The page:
The diameter of the wire from which the spring is made may also range from about 0.05 to 0.125 inch.
The advantage of using a plurality of end loops on the ionizer wire as connecting means to the ionizer frame and to the springs is that failure by fatigue at such connections is substantially reduced.
Materials used for the ionizer wire and the springs are disclosed in Volume 1 of the Metals Handbook, Ninth Edition (Published by the American Society for Metals, 1978), reference being made to pages 283 to 292. As stated at page 283, extension springs normally are close wound, usually with a specified initial tension and, because they are used to resist pulling forces, are provided with hook or loop ends to fit the specific application.
Stainless steels are the preferred iron-base alloys and may include Type 302 stainless consisting essentially of about 17% to 19% Cr, about 8% to 10% Ni and the balance essentially iron by weight. Another steel is Type 316 which contains by weight about 16% to 18% of Cr, about 10% to 14% Ni, about 2% to 3% Mo and the balance essentially iron. This steel is particularly preferred as spring and rod material. It has good heat resistance and greater corrosion resistance than Type 302 stainless and also good spring temper at temperatures in the neighborhood of about 600° F.
Another stainless steel is Type 631, otherwise referred to as 17-7 PH steel. This steel contains by weight about 16% to 18% Cr, about 6.5% to 7.75% Ni, about 0.75% to 1.5% Al and the balance essentially iron. This steel also has good spring temper at the aforementioned temperature.
Nickel-base alloy springs include an alloy identified by the trade mark Inconel 600 which contains approximately by weight 76% Ni, 15.8% Cr, about 7.2% Fe and the balance residuals. This alloy has good corrosion resistance at elevated temperatures, e.g., 600° F., and also retains its spring temper at such temperatures due to its age hardening properties.
Another nickel-base alloy is one known by the trade mark Inconel X-750 which contains approximately 73% Ni, 15% Cr, 6.75% iron and the balance age hardening elements. This alloy in the age hardened condition has good spring temper at elevated temperature.
Another embodiment of the invention is directed to an electrostatic precipitator comprising a plurality of spaced vertically extending steel collector plates mounted in a housing in substantially parallel relationship. The precipitator also includes a plurality of ionizer wire frames each mounted between said collector plates and characterized by a top and a bottom frame portion; each having a spaced array of vertically extending ionizer wire rods, the frames being coupled for electrical excitation opposite in charge to said collector plates which are grounded. Each of the wire rods have connecting means at each end thereof in the form of a plurality of tightly wound closely packed loops sufficient to provide a free tail portion extending from said closely packed loops and wrapped around said wire rod adjacent said loops, one end of the wire rod being freely coupled via the loops as a unit to the top portion of each frame with the other end thereof freely coupled via the loops as a unit to one end of a helically tightly wound cylindrically shaped coil spring, which spring at its other end is coupled under tension to the lower or bottom portion of the frame. The length of the coil spring and the diameter of the wire forming the spring in the cold worked tempered condition are such as to provide a tension on the ionizer rod of at least about 30 pounds when substantially the total length of the helically wound coil spring is mounted on the frame in the stretched condition.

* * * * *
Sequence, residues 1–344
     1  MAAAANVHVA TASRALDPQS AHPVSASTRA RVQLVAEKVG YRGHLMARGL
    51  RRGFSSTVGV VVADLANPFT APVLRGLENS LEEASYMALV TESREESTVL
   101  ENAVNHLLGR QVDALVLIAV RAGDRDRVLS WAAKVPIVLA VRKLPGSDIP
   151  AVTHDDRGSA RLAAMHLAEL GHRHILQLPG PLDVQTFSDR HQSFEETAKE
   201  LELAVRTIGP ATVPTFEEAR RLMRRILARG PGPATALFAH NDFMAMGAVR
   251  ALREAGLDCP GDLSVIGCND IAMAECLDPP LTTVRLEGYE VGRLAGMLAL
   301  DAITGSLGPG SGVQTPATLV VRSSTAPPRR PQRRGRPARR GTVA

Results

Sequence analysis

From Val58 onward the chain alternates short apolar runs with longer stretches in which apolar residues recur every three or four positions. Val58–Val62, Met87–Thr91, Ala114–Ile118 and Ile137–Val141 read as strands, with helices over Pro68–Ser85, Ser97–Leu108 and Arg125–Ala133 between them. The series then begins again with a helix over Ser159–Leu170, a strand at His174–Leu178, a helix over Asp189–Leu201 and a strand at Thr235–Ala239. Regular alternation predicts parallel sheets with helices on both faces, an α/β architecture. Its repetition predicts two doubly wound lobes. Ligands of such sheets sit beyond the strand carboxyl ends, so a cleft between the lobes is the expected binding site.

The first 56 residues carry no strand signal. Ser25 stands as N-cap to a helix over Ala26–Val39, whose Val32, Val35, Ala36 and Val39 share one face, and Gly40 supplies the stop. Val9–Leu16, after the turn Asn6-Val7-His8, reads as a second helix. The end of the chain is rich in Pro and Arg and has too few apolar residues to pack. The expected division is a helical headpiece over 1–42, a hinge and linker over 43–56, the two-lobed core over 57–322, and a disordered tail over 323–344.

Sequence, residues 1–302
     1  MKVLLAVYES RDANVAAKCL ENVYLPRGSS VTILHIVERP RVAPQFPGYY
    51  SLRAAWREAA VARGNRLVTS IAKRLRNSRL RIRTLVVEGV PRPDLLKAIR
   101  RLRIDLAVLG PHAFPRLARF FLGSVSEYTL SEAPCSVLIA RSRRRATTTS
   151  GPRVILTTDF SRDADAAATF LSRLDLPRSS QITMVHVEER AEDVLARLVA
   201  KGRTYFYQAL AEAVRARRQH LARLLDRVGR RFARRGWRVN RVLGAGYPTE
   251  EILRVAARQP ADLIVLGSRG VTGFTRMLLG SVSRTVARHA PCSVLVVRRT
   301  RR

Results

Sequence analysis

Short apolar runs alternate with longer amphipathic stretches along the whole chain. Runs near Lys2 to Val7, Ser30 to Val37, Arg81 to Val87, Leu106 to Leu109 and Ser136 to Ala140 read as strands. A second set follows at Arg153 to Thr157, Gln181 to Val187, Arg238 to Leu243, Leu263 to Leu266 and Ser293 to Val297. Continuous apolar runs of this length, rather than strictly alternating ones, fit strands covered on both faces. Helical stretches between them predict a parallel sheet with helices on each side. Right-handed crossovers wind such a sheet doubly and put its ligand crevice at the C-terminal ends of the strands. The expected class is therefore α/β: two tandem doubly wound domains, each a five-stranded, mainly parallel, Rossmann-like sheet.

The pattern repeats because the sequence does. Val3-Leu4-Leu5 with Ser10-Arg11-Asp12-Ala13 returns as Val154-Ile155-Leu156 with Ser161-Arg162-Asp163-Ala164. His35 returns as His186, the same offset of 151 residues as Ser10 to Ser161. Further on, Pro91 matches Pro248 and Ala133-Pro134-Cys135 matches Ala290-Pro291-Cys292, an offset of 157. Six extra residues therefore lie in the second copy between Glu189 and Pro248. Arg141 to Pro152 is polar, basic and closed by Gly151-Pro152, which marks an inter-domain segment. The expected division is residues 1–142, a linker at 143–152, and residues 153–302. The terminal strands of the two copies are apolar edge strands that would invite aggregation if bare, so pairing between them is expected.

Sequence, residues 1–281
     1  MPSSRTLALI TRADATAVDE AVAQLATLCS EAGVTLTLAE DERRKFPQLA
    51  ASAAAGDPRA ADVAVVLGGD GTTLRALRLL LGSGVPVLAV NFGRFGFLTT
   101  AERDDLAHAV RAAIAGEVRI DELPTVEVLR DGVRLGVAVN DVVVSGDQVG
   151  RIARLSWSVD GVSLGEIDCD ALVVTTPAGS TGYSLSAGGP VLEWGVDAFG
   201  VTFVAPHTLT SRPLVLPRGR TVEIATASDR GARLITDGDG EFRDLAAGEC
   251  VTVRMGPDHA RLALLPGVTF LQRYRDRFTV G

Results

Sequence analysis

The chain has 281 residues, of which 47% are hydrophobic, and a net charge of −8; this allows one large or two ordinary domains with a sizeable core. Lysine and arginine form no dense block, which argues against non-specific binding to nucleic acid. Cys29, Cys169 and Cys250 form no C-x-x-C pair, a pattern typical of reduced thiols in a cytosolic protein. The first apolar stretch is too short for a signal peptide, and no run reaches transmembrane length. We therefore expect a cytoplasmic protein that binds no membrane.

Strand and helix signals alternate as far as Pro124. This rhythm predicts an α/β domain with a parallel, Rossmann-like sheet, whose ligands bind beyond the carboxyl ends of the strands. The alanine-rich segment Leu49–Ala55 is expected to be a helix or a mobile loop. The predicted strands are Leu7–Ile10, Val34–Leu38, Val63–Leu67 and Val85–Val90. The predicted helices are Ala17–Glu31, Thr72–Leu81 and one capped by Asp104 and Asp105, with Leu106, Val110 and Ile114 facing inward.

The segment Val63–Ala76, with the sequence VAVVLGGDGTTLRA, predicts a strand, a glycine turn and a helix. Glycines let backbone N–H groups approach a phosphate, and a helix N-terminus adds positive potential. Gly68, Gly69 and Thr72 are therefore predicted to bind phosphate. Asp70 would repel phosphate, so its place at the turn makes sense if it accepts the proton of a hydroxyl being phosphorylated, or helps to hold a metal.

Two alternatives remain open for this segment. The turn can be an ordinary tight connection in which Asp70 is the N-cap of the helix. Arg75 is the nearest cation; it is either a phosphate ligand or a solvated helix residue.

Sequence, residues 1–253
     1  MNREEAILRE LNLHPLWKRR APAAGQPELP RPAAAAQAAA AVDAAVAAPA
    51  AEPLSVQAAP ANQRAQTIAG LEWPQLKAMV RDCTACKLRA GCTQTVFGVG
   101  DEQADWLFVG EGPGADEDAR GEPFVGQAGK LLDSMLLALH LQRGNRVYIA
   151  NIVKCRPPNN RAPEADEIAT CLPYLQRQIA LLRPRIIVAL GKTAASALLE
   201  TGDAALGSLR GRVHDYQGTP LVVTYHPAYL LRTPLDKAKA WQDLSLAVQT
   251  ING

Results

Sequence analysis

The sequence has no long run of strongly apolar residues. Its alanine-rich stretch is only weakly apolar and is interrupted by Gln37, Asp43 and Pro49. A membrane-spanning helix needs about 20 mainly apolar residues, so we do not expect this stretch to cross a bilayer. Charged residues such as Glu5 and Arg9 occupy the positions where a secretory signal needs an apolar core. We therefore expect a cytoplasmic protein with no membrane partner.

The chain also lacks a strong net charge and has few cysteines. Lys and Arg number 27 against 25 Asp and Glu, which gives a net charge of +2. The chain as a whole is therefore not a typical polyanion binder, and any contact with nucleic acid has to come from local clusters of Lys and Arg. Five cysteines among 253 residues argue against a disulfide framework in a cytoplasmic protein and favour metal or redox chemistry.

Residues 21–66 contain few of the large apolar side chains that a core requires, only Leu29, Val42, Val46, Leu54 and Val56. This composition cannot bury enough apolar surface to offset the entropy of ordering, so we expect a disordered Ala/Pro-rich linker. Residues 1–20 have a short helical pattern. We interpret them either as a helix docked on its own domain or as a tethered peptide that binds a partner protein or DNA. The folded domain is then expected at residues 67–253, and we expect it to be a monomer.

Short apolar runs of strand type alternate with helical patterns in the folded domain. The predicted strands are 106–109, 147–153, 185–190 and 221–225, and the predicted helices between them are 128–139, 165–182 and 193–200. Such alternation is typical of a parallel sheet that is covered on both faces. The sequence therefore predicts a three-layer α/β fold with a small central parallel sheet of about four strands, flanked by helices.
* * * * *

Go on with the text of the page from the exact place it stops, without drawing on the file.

A typical spring employed in carrying out the invention is illustrated in FIG. 1, the helically coiled spring 10 having a diameter of about 7/8 of an inch and a length, excluding spring loops 11, 12, of about 7.5 inches and from the extreme ends of the loops a length of about 8.25". The spring is preferably produced from spring temper Type 316 stainless steel wire of diameter of about 0.105 inch. As will be noted from FIG. 1, the spring is tightly wound with the turns in very close pack relationship, the spring comprising, for example, approximately 65 active turns, the spring when stretched having a spring rate of about 6 lbs/inch of original spring length. The spring in the stretched condition is shown in FIG. 2, the spring being attached to ionizer wire rod 13 which is coupled to spring loop 12 via double loop 14 of the ionizer wire having a freely extending tail portion 14A which has been bent or wrapped around rod 13, the opposite end of rod 13 also terminating into a double loop 15 having a freely extending tail portion 15A wrapped around rod 13.
In one embodiment, the extended or stretched length of spring in FIG. 2 when installed is about 1 foot - 2 inches from end of spring loop 11 to end of spring loop 12, as compared to the unstretched length of about 8.25 inches, the stretch amounting to approximately 70% of the original coil length. In this embodiment, the combined stretch length of spring and rod is about 10 feet - 2 inches from spring loop 11 to double loop 15 of the rod. The total length prior to stretch being approximately 9 feet - 83/4 inches.
FIG. 3 is a schematic of one embodiment of an electrostatic precipitator 16 comprising a housing 17 with gas inlet means 18 and gas exit means 19, the housing being partially broken away as shown to reveal collector plate elements 20 coupled to upper and lower frame members 21, 22, the collector plates being partially broken away to reveal emitter ionizer wires 23 behind the plates, each wire being hooked to upper frame member 24 via hook 25 and lower frame member 26 via spring 27, the springs 27 being hooked to lower frame or mid-frame member 26. Frame member 24 is electrically coupled to a source of electricity 30 via insulated mounting 30A.